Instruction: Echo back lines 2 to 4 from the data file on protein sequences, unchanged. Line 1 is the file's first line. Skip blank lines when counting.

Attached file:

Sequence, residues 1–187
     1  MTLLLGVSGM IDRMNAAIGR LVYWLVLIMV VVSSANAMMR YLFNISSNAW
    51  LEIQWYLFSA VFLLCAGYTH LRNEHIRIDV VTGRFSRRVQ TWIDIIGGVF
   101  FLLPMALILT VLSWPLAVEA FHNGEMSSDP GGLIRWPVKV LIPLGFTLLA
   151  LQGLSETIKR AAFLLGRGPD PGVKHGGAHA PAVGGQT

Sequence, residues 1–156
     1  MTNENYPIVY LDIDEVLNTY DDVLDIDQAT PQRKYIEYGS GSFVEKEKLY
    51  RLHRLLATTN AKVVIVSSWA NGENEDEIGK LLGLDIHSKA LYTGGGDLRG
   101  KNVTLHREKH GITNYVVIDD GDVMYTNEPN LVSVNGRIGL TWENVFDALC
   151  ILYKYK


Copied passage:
     1  MTLLLGVSGM IDRMNAAIGR LVYWLVLIMV VVSSANAMMR YLFNISSNAW
    51  LEIQWYLFSA VFLLCAGYTH LRNEHIRIDV VTGRFSRRVQ TWIDIIGGVF
   101  FLLPMALILT VLSWPLAVEA FHNGEMSSDP GGLIRWPVKV LIPLGFTLLA